Goddesses in the Dust: Journaling and Memory

An archaeologist unearths the divine feminine, one archetype at a time...

I've been keeping a journal for decades, since I was in college. An entire row on my bookshelf is devoted to them.

Over the years, I've used different kinds of journals. When I lived in Greece during my junior year, I used the Greek schoolchildren's plastic blue books. 

When I lived on the island of Crete with a family, I used an old ring binder type journal,

which became filled with observations of my family's daily life, and my burgeoning understanding of the Greek language.

In graduate school, I switched once again to the standard hardcover journal that was offered at the University book store

For the past twenty years, I've pretty much exclusively used the classic black and white composition book (often earmarked with a dragon's scales of post-it notes for reference)

Journaling for me is therapy. I don't approach it as something in which I have to capture every aspect of my life, or every trip I take. More often than not, I journal when I'm inspired by something I read, or by some event in my life that provokes me. I write when I'm happy and when I'm sad. It's a place where I can confide my deepest feelings

and favorite quotes from authors
I hope for nothing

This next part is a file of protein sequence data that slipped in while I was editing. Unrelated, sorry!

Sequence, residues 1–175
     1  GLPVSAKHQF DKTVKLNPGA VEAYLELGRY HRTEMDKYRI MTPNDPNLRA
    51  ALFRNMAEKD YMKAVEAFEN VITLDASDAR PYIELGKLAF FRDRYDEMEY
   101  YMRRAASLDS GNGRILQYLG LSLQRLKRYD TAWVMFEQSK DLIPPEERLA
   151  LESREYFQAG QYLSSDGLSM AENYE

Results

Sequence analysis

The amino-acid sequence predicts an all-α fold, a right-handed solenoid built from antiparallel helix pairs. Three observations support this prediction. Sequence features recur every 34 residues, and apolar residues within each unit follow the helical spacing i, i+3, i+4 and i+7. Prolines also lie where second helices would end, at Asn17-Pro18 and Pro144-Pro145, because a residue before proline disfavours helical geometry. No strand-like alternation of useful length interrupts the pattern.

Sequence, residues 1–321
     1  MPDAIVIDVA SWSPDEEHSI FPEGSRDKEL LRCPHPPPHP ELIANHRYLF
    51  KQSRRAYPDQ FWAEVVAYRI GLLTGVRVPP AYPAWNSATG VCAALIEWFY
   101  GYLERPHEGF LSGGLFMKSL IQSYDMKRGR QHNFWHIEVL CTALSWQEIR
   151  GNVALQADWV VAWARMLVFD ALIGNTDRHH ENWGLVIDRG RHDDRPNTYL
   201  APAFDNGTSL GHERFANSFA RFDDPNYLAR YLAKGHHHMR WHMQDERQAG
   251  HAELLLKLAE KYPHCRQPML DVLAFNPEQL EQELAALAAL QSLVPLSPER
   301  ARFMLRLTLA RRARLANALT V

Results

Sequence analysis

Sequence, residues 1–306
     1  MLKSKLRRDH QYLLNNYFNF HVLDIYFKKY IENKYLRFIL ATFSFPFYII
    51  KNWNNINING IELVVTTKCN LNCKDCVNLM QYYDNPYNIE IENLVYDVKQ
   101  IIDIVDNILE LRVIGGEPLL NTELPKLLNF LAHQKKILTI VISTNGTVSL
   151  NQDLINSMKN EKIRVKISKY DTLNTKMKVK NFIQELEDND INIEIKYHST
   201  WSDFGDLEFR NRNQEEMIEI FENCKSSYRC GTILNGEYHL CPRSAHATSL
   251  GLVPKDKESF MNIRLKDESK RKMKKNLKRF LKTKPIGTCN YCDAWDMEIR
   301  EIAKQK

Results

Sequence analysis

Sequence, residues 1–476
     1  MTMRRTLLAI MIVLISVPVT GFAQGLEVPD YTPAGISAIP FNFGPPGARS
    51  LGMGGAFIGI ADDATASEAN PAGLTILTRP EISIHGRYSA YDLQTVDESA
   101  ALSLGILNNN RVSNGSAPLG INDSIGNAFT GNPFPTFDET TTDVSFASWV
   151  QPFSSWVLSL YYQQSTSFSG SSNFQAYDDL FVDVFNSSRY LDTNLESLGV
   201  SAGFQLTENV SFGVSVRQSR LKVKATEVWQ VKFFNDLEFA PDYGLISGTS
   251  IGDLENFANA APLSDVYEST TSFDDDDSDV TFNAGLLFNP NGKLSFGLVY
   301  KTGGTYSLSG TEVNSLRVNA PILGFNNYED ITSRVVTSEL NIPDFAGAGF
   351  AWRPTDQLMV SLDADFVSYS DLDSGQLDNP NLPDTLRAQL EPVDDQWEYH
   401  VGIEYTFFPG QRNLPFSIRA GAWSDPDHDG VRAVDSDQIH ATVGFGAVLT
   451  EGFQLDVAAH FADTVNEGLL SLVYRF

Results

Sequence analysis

I fear nothing
I am free
-Nikos Katzanzakis

and sometimes quotes from unlikely sources

When I travel, I like the small Moleskine books. They remind me of classic adventurers, such as the writer Bruce Chatwin, and explorer Peter Beard

The little pages get filled with observations, notes and addresses

and the back pocket with all sorts of ephemera

Being an inveterate journal writer, I even keep a journal devoted exclusively to dreams. As you can imagine, it has its own special color

In Greek mythology, Mnemosyne is the goddess of memory and the mother of the Muses.
Dante Gabriel Rosetti, Mnemosyne, 1881
We have Memory to thank for The Odyssey and The Iliad, epic poems that existed for centuries before they were written down. In antiquity, the oral tradition ruled because poets had to carry their work in their memories.

Today with so many electronic devices, we don't need to rely so much on our memories. But I will continue to write in my journal, regardless. I see it as a form of meditation and way to communicate with myself. No matter how much technology rules our lives, it is soul-nourishing to take time to reflect on our lives, and there is something refreshingly analog - and physically reaffirming - about putting pen to paper to do so.

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